12. whiteop

    whiteop Senior Member

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    I'm a Sprague Orange Drop cap typa guy. I've tried the oil caps but they make your tone sound too smooth for my tastes. I can tell a difference in caps especially if you record the tone after you change them out and substitute different ones.
     
  13. whiteop

    whiteop Senior Member

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    for me, they were. I have two of them and boy are they expensive compared to others. But if it makes you feel like you can play better and gives you the extra mojo via the placebo effect I see nothing wrong with spending your hard earned money on them. All guitarists I've ever known, including myself, have an incurable condition known as..."chasing tha' tone". It's an imagined oasis sitting in the desert that changes position everytime you get closer to it.
     
  14. echo unit

    echo unit Member

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    I think I am going to try the Vishay/Sprague Orange Drop cap then.

    Apprently it has a tighter more focused bottom end.


    Which value should I put in?

    The stock capacitor in my MIJ '51 P-Bass is .111


    Does that sound right?

    I guess I should put in a 0.1 value orange drop but I'd love some suggestions.
     
  15. CavePassivePedals

    CavePassivePedals Member

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    Don't forget to post some "before and after" audio samples so we can all hear the difference that the new capacitor makes :Devil
     
  16. echo unit

    echo unit Member

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    OK buddy. Will do.
     
  17. dkelley

    dkelley Member

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    Hi guys,

    I know this is (a) an old thread and (b) I've basically never posted here pretty much, but I would like to clarify how capacitance alters the sound of a pickup in electronics.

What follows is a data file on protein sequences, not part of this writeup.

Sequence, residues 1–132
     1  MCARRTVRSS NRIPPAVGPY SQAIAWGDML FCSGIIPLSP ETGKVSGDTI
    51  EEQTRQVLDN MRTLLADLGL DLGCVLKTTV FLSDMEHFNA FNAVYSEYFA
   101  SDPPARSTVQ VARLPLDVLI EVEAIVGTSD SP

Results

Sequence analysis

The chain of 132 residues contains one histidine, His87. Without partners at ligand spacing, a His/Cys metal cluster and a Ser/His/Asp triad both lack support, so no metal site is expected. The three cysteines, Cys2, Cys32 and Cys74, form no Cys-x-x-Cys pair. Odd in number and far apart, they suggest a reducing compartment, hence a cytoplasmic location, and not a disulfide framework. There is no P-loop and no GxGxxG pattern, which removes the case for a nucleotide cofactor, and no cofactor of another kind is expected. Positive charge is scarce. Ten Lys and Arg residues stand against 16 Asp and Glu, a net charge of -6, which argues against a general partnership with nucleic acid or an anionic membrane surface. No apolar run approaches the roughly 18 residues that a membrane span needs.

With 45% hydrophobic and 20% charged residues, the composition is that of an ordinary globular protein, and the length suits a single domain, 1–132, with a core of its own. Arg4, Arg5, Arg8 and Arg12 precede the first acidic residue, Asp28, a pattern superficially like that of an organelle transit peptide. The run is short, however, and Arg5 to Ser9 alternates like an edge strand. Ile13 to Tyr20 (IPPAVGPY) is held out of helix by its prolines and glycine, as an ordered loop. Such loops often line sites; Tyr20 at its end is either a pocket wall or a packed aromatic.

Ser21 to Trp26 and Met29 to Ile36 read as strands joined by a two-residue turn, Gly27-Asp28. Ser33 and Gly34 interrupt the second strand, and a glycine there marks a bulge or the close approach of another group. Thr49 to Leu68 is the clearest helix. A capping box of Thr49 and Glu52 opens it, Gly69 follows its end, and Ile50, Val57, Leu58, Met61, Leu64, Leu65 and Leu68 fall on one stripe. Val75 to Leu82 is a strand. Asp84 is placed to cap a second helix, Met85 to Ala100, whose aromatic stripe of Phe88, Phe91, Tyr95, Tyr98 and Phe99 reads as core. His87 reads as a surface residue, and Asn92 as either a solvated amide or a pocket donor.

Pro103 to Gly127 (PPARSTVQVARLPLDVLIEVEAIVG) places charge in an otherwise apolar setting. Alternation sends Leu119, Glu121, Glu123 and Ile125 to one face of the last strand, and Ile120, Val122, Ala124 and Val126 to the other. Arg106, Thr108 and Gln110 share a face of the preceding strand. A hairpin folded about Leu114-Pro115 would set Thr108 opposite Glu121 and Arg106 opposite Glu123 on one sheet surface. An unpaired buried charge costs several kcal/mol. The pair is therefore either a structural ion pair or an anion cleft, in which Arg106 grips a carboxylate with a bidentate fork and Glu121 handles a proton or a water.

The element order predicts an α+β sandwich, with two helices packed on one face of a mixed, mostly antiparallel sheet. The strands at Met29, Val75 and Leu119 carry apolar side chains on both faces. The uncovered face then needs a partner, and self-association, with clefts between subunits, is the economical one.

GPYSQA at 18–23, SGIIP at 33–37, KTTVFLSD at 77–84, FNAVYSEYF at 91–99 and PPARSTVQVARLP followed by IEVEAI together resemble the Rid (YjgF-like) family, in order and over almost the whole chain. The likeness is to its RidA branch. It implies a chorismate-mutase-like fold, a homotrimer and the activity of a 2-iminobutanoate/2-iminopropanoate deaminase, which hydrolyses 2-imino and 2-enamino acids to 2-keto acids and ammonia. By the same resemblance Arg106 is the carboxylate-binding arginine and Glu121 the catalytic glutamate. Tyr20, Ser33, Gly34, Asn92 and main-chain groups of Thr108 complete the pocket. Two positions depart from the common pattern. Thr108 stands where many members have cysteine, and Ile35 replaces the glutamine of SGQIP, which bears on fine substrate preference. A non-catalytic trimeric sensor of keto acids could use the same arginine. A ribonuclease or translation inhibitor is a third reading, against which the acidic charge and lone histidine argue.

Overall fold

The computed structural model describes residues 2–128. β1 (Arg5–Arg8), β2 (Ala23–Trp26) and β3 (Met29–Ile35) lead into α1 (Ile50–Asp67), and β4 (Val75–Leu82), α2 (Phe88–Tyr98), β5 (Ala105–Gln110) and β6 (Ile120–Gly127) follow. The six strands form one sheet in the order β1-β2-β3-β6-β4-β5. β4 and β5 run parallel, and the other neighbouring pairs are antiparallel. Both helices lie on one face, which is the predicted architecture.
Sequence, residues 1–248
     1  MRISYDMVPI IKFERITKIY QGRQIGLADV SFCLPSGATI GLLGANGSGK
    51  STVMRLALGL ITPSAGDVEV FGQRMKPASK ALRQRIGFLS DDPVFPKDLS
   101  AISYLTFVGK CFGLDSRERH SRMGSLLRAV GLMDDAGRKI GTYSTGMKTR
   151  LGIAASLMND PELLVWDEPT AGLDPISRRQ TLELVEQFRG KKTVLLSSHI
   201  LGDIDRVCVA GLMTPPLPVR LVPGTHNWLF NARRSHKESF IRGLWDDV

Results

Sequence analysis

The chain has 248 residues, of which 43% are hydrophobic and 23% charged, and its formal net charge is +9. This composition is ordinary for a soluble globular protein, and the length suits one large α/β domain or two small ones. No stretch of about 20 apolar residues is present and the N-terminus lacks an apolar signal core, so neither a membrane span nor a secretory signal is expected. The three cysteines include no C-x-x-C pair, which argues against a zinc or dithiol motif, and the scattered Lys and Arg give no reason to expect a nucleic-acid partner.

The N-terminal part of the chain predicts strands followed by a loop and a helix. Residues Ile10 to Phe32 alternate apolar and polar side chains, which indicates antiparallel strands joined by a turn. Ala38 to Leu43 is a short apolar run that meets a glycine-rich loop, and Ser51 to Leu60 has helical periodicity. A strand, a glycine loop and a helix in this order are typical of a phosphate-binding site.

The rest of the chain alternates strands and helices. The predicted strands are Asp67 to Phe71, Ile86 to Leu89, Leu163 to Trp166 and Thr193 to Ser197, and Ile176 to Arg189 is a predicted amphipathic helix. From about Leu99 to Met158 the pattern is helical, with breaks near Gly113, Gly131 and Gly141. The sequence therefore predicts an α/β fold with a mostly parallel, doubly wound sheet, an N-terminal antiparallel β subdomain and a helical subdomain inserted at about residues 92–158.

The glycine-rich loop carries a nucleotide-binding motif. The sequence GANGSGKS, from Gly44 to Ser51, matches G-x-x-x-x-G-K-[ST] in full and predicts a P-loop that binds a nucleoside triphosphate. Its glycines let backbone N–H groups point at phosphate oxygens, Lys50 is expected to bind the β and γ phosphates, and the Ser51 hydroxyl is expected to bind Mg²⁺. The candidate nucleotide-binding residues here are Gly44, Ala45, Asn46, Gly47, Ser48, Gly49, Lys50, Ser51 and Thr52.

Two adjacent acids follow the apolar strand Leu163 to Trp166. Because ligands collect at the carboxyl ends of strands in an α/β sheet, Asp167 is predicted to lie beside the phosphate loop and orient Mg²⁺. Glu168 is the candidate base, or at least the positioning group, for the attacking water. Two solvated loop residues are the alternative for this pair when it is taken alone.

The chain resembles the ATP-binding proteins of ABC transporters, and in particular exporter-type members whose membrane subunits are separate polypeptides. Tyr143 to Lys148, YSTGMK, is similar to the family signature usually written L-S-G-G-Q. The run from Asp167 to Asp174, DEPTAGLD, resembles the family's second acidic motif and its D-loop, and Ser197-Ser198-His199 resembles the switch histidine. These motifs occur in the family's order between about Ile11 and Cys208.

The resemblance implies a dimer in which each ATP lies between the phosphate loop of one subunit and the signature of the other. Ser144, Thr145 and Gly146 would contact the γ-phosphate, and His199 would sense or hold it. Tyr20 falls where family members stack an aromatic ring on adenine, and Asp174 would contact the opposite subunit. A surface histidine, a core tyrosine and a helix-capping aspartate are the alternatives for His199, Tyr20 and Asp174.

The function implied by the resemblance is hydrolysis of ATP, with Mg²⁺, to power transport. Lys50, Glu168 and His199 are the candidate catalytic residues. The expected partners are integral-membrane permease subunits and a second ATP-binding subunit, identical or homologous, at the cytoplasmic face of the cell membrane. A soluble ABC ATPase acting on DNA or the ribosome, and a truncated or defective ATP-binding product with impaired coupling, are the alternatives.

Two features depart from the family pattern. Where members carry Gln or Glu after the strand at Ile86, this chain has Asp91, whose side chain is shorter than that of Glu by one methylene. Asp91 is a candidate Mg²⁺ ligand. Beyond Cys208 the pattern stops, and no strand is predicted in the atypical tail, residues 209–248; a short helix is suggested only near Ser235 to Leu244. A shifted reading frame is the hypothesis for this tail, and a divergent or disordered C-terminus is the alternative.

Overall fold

I'm not talking about the quality of the capacitor, but I am talking about how choosing a different value cap and how you use your tone control can alter or even improve the sound of your pickup(s) if you find them too bright, lacking in presence, or too clean (for example).

    When you turn your tone control ALL the way down (anything in between all the way down and all the way up is a different story I won't get into here), the value of the capacitor in your tone control is adding to the internal capacitance of the pickup. It lowers the resonance frequency of the entire circuit (everything in a passive guitar/bass is part of a circuit right up to the first external buffer, such as your amp or your first buffered guitar pedal). It also increases the Q of the filter which increases the output at the resonance frequency and increases how sharply the filter goes down above and below this frequency. So it could be looked at as turning up the mids and turning down the highs and lows a bit.

    Having the tone control anywhere other than all the way up or all the way down also decreases high frequencies in what I feel is an unattractive way (I won't get into why here though), which is why I prefer to change my tone controls to stepped switches with different capacitors in the different positions.